I am the trustee of an organisation called Local Leagues, which is based in Birmingham and aims to encourage children to play sports, particularly football and cricket, outside school hours. One of the problems that we are facing is the availability of suitable fields in the city. Will my right hon. Friend ensure that his Department co-ordinates action with the Department for Education and Employment and local government to ensure that there is access to appropriate sites and to schools outside school hours?

Mr. Smith

I will indeed. The new opportunities fund, which uses new funds from the national lottery, will assist my hon. Friend in two ways. First, the money for out of school hours clubs will mean that sporting activities can be promoted and financially supported. Secondly, the green spaces initiative, which the new opportunities fund is undertaking, will enable new green areas and playing fields to be created where they are needed.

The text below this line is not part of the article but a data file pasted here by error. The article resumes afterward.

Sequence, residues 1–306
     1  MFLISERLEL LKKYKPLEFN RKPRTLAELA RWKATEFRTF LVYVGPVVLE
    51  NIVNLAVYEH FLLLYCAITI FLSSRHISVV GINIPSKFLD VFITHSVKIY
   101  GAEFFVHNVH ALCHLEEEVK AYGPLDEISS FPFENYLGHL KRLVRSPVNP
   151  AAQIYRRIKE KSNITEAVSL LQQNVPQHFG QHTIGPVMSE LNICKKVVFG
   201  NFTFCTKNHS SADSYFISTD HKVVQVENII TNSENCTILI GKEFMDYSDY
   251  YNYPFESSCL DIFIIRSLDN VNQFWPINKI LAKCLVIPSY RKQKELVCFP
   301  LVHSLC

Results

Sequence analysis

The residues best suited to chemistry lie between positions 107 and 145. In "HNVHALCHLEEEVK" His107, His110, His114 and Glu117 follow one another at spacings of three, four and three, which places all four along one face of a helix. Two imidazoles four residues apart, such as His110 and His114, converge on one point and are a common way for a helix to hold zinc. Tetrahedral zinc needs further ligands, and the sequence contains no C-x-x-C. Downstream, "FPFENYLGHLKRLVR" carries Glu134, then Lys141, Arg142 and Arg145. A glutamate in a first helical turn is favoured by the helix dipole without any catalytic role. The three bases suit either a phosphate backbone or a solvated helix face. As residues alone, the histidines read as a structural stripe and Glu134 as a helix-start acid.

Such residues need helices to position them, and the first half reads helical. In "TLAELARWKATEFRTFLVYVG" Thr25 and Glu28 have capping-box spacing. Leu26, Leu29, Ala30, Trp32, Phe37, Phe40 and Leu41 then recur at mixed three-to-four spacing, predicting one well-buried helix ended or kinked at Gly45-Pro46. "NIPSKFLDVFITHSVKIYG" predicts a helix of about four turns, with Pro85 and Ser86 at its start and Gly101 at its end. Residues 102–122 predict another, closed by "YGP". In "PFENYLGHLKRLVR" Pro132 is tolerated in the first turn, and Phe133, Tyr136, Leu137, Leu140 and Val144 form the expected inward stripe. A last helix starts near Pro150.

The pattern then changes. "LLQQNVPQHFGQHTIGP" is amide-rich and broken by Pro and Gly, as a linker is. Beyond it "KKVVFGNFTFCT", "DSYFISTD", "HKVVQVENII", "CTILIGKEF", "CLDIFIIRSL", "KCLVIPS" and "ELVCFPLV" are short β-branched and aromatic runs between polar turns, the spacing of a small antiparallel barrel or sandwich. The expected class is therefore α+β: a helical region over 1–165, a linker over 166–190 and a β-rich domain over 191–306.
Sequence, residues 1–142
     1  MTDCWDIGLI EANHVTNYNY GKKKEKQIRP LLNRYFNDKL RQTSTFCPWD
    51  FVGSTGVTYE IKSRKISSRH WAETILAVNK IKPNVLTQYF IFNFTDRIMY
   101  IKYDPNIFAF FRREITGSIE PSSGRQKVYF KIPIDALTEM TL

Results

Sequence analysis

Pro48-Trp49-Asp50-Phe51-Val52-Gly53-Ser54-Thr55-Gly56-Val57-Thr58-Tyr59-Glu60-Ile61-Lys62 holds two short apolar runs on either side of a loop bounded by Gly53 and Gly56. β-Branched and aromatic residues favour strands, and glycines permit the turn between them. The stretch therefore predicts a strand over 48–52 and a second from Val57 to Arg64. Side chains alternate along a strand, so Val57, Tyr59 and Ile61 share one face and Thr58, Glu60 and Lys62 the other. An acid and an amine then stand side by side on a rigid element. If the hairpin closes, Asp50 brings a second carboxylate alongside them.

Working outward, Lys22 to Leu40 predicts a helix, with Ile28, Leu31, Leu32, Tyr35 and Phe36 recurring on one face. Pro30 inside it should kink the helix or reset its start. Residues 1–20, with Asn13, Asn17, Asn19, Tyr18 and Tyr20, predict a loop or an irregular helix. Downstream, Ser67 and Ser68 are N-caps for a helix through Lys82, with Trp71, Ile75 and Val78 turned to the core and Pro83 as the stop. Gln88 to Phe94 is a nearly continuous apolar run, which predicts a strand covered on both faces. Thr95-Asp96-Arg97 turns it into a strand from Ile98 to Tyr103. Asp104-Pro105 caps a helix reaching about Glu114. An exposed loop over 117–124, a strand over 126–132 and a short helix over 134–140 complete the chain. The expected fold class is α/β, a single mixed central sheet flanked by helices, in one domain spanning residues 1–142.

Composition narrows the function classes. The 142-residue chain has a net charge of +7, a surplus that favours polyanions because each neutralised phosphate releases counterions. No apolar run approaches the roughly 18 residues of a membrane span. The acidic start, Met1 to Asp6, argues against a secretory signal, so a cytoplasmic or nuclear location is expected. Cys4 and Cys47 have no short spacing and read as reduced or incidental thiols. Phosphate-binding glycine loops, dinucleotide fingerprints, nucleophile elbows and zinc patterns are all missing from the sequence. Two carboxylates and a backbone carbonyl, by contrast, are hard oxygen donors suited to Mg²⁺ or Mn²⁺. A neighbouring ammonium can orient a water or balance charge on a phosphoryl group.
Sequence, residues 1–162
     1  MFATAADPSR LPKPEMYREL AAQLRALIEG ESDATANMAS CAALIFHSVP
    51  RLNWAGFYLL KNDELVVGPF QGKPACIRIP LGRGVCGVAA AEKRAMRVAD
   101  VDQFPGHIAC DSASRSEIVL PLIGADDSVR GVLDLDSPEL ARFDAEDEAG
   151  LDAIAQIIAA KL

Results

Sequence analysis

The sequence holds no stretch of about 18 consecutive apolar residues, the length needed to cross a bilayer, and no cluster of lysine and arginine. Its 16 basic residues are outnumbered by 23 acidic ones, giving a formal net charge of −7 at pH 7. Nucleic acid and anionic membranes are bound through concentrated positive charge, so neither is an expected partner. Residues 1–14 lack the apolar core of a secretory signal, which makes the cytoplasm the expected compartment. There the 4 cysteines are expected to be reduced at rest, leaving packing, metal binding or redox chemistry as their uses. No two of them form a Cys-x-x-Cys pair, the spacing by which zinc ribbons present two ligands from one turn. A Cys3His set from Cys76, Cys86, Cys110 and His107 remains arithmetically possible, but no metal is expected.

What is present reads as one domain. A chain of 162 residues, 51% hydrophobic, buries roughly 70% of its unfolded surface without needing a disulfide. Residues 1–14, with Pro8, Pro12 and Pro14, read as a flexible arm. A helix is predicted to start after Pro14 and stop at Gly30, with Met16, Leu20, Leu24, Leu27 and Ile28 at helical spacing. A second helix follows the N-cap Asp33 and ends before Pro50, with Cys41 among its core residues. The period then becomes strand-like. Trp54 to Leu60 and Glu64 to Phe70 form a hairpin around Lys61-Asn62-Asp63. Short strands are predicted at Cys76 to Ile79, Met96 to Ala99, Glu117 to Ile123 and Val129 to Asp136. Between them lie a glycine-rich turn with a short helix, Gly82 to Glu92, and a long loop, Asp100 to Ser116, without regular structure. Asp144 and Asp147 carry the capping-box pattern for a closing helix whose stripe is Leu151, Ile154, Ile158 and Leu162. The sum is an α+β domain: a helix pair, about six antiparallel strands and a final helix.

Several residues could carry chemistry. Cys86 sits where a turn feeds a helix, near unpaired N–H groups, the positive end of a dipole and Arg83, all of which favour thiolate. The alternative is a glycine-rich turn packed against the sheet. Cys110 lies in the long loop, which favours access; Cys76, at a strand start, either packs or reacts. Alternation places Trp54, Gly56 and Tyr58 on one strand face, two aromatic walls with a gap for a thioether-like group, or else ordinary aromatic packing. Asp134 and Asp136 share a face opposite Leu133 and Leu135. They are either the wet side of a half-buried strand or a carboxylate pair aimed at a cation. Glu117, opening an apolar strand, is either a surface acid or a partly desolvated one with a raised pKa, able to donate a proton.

Mr. Ronnie Fearn (Southport)

What sports and initiatives for the over-50s are contained in the action plan? Will the right hon. Gentleman state what will happen to ballroom dancing, which is a major sport for the over-50s?

Mr. Smith

I can assure the hon. Gentleman that sport for the over-50s will feature in our report, because part of the report's main thrust is lifelong participation in sport and sporting activity. On the specific question of ballroom dancing, the hon. Gentleman will have to wait and see.

Mr. Gerry Sutcliffe (Bradford, South)